The problem comes when you need to reinstall your Windows 7 operating system. There is just no easy way for this OS, which is 11 years old. In technology terms, that’s more than just a ripe old age. In real-time terms, that old age creates a lot of problems.

The re-installation problem requires you to follow these steps:

  1. Install Windows 7 using your valid installation disk. That’s pretty easy, but don’t get overconfident.
  2. The installation process will ask – really, require – you to download and install Service Pack 1. It’s the only service pack that Windows ever issued for Windows 7. Nor has Microsoft ever released a “roll-up,” which would be a compilation of all updates since Service Pack 1.
  3. So, after you have downloaded and installed Service Pack 1, you’ll need to run Windows Update to get all the critical security upgrades and patches.

Windows Update has more than 200 important updates. You need to start the sequence, and then, you need to pay attention. There are numerous points along the way where you need to reboot your computer to complete the installation of an update. Then, you need to continue Windows Update.

We have reinstalled Windows 7, and it has taken us two to three hours with a fast Internet connection. If you have a slow connection, it can be like riding a bicycle on the New Jersey Turnpike.

If a re-installation is something you must do, we can walk you through the steps. However, you must be asking why all of your application software can’t just run on Windows 10?

For highly customized software, such as a Sage accounting program that one of our clients uses, there is a compatibility issue as well as a financial consideration. Windows 10 has a number of security features that will not work with a Windows 7-based application program. They are not issues you can solve simply by not using all the features. The application software must be compatible with the OS. The financial consideration is that an upgrade to the accounting package would be $15,000. The cost of the time to reinstall Windows 7 is nowhere near that, and that’s probably the pain-management equivalent of taking aspirin until the pain goes away.

If you are fortunate to have some planning time, you can manage the pain more effectively by talking with the app publisher about updates. Those are always difficult for the app publisher because customized programs take a lot more of their time. They need to write the upgrades into their basic package and then to several steps farther to add your customization. Customized software packages have a lot of moving parts.

Some other factors to consider as you migrate is how much you need to keep everyone together. If you have a senior executive moving to Windows 10 ahead of most of the people in the department, how will that affect everyone’s ability to use the same applications. Windows 10 and Windows 7 versions may be quite different.

In addition to the application aspects of the software, will there be major security gaps between the older and newer versions? As we are harping, security is extremely critical in today’s business-computing world. When you leave certain doors open to get the work done, you may leave an opening for an outsider to come in and compromise your system’s integrity.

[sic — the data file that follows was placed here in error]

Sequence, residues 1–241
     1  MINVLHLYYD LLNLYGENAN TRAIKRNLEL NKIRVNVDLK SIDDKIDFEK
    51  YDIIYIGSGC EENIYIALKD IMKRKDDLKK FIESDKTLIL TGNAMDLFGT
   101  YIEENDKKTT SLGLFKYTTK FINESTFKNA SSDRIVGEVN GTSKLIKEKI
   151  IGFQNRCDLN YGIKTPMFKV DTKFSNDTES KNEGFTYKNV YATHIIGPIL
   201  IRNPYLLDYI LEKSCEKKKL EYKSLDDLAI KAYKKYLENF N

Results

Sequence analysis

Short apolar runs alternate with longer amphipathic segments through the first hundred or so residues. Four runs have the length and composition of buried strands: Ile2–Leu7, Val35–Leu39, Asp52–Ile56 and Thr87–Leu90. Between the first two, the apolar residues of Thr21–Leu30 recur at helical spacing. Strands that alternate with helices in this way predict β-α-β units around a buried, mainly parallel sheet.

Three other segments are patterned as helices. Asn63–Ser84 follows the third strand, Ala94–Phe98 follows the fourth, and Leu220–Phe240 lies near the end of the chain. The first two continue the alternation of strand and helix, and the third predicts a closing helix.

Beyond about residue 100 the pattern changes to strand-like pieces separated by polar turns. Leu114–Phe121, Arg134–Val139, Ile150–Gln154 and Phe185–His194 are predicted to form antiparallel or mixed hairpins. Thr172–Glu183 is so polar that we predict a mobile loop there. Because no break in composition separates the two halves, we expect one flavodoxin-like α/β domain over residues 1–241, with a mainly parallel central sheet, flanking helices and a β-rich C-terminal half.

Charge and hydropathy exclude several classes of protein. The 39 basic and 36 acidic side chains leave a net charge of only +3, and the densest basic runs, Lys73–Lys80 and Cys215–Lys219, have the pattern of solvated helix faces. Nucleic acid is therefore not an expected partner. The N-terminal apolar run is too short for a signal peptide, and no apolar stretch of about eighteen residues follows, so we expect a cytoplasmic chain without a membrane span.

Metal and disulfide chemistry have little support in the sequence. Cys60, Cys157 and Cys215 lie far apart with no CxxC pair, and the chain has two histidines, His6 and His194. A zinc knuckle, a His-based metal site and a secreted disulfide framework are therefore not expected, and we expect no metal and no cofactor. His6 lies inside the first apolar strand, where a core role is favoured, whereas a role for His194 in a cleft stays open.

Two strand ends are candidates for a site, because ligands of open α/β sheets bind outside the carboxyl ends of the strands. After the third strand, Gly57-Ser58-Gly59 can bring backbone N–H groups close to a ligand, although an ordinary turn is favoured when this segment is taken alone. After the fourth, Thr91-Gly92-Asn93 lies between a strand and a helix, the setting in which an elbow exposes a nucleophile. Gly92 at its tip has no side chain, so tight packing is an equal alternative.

If you see your business coming to a crossroads, contact us as early as possible by email or telephone – 973-433-6676. The more time we have to look at your options, the better your probability of having the best possible outcome in managing the pain of transitioning your OS and application software to a more stable, efficient and secure system.

Disappearing Hard Drives?

Will your hard drive go the way of the floppy disk? Fifteen years ago, I never would have given it a thought. Now, I think it’s coming.

Mechanical hard drives have inherent problems. One is that they can wear and crash, and unless you have a good backup system in place, you can lose a lot of important data. Another is that they are slow – some slower than others by design and some slower because they fill up and don’t give your software space to search for the files you need.

The next alternative is the SSD (solid state drive), which is much faster but also much more expensive. While it always comes down to a cost-benefit analysis, the speed differential can be substantial. On startup, a computer with an SSD can be ready to work in 30 to 40 seconds. It can take three to four minutes for a computer with a hard drive to boot up.

The difference won’t seem that great until you experience it for yourself – or see somebody else’s system boot up faster. We love faster computers, and the more data we need to crunch, the more we crave that speed and performance. We have a number of clients who have made the switch and have found it worth the expense to increase their productivity.

If you’re not ready to commit to SSD technology, you could speed up your current technology by moving your data storage to the cloud. With fewer files taking up less space, your computer will have room to look through your hard drive to find the files you need. It will make it faster to save files, too. You could gain a significant time advantage by only keeping “working” files on your hard drive and then putting everything back onto your cloud’s server when you’re finished.

With technology changing so quickly, you may also want to think about changing your hardware more frequently to make more productive systems work more cost-effectively. Businesses depend on productivity increases to reduce costs and add profitability. We can help you look at the future and see what pathways will get you to your goals. Call us – 973-433-6676 – or email us to talk about your evolving needs as the tech revolution continues.